Jan Zdansky crossed the United States, climbed through the passes of Himalaya, attempted to get to the frozen Lake Baikal and travelled from his homeland, the Czech Republic, to Tokyo in only a couple of weeks.

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The most frustrating failure of my gear happened…

When you’re depending on your gear, you try your best to prevent any kind of failure. Despite meticulous maintenance, the greatest trouble hit me when the aluminium frame of my bike broke during my trip across the United States. Stressed from the previous ride from Europe to Japan, the bike frame was prone to signs of weariness but a rupture was the last thing I expected. Instantly, I was standing in the middle of nowhere with an intense need to find someone owning a welding machine who would repair the double-butted aluminium tubes of my unhappy bike. Luckily, the USA is a great country with even greater people. The rupture was discovered on my stopover at the petrol station where I asked the staff whether they knew about a skilful serviceman around. There was no one available but a friend of the station’s attendant took me to the nearest bike shop in his car. They didn’t know how to help me either but the customer visiting the shop turned out to be a good friend of a local welder. As soon as I arrived in his garage, I found his welding machine out of service but after a couple of calls, we managed to arrange a fixing in a small factory next door. The consequence of actions resulted in a successful repair with over 10 people involved. Everybody who helped me had a big smile on their face. I was amazed by the selflessness of those who gave a helping hand to a stranger.

The most horrible chill I’ve ever experienced…

In 2015, I decided to ride over the frozen Lake Baikal in Russia using a specially designed tricycle. This place in Siberia is infamous for harsh winter conditions with temperatures dropping below -30°C. Getting out of the tent in the morning just to answer the call of nature was the biggest challenge I’ve ever experienced (laughs).

The most frightened, I was…

Again, it was during my winter expedition across Lake Baikal. The problem was I chose the wrong year. The lake was not entirely frozen and I had to move zigzag to dodge cracks in the ice. The overall ice quality was poor, endangering the achievement of the adventure. The enormous icy masses resembled a living organism. Everything moved and made frightening noises, coming deep from beneath my feet. The worst happened when I experienced a real earthquake on that lake. After several tremors, I went nuts. Considering overall exhaustion and the lack of food supplies, I decided to give up after 10 days spent on the ice.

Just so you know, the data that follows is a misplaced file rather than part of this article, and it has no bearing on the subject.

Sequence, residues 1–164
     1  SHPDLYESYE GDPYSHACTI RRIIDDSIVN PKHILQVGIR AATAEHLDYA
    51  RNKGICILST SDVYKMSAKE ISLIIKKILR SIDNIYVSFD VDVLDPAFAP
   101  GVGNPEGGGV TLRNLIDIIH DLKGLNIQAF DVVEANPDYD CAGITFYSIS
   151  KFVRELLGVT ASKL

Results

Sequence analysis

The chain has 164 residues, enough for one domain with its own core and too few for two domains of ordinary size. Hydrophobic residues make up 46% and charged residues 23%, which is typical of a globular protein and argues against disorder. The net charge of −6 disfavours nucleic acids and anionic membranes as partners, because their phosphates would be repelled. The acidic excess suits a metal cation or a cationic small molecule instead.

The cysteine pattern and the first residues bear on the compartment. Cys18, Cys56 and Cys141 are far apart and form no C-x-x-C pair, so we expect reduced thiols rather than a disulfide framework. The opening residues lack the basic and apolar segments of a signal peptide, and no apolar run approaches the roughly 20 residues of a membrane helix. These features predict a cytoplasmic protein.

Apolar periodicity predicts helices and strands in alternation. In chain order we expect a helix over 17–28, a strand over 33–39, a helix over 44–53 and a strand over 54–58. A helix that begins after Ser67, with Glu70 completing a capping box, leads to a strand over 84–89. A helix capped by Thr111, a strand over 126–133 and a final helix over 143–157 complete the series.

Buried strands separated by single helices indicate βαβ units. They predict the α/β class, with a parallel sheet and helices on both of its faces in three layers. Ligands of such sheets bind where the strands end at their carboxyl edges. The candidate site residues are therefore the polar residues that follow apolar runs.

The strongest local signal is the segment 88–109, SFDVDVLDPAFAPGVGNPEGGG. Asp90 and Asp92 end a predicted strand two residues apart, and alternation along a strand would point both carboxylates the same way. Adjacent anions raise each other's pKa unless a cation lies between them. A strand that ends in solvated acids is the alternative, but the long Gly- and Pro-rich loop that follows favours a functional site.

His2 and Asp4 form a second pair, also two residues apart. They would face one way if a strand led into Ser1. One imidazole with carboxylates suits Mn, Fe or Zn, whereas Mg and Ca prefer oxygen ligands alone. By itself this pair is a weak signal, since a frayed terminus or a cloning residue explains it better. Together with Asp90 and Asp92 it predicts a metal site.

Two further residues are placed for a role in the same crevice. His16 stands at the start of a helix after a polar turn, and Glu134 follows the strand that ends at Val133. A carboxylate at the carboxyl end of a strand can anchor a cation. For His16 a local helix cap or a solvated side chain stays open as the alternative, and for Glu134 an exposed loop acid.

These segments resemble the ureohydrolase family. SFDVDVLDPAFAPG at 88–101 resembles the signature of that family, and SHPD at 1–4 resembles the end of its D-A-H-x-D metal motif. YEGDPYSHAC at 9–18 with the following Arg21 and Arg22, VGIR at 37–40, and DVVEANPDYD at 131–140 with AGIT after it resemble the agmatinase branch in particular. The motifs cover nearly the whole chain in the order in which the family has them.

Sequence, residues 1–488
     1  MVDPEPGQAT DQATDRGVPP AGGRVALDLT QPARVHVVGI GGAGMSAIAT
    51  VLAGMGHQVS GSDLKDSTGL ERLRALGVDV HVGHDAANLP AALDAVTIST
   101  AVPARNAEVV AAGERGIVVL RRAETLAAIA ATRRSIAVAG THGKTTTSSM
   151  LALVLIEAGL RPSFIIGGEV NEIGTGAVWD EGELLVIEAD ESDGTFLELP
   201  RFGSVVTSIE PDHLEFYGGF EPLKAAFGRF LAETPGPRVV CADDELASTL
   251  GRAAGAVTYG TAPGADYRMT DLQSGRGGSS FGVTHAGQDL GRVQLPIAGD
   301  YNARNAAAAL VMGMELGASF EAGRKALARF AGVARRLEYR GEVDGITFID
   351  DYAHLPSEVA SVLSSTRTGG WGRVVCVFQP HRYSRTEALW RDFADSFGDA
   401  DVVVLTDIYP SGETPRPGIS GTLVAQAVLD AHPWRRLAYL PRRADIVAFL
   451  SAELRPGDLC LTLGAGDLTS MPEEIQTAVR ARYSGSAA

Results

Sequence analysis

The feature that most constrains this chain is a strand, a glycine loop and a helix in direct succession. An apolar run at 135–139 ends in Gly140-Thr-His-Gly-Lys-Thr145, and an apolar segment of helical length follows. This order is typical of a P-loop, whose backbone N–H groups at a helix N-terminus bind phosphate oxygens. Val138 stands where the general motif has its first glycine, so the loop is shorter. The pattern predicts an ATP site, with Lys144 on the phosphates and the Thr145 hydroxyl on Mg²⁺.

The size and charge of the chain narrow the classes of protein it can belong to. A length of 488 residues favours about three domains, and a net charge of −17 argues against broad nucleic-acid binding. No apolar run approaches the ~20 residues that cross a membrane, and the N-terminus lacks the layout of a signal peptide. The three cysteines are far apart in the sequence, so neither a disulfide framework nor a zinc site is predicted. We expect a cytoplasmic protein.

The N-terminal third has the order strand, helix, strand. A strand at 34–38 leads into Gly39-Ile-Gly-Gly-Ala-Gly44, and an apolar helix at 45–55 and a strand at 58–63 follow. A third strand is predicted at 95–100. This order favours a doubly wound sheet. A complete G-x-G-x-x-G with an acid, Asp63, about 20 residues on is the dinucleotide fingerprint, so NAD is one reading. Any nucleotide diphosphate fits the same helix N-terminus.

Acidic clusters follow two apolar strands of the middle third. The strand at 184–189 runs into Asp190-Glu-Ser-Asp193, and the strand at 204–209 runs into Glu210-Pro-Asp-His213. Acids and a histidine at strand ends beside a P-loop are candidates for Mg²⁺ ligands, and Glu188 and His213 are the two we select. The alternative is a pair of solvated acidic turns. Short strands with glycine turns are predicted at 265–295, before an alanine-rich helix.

The worst exhaustion of my life…

Complete fatigue caught up with me while I was on my first bike-packing trip to Himalaya in India where I crossed the Martha valley. I was said to be the first mountain biker in history to do that. Things went well but I was afflicted by an altitude sickness during a climb to the Konmar pass (5,130 m). The awful disease forced me to stay in a bivouac overnight. I was not able to ride the next morning either. Pushing the bike before me as a burden on two wheels, I had to take a break every ten steps just to take in a dozen deep breaths. At that moment, I was close to failing to move further but, in the end, I got over the pass and made 80 km on top of the trip the same day.

The most unexpected help in need I got from…

I spent many days in the desert of western Kazakhstan during my bicycle expedition across Asia. It’s a complete wasteland where both food and water supplies are scarce and you need two days to get from one village to the next by bike. Even today, I can remember the starvation and the hydration shortage. Although no more than two cars were passing me per day, every driver coming by pulled over and offered me fresh water. Without that help, I could have barely made that trip till the end.

How I save weight

The amount of gear and the overall weight are crucial while cycling around the world. I try to pack as light as possible to move freely. I grew fond of using a water filter that enables me to travel without heavy water bottles. Instead of a tent, I’m carrying tarp, which is a light sheet of strong, flexible and waterproof cloth without a groundsheet. The best nap comfort is ensured by sleeping bags with down-feather insulation and to reduce weight, I prefer washing my clothes to carrying extra pieces in the panniers.

The best advice I can give to a bikepacker is…

Listen to what your body tries to tell you on the way. If your body deserves a break, do it without hesitation. Never skip intimate hygiene because you need to keep your buttocks fit on the seat for days. Regarding planning, I usually try to contact local bikers for useful information. If you want to stay overnight at an unknown location or utter wilderness, try to attract as little attention as possible. The most important thing is to hop on your bike and set off because the worst trips are those you never make.

You can follow Jan on his Instagram.

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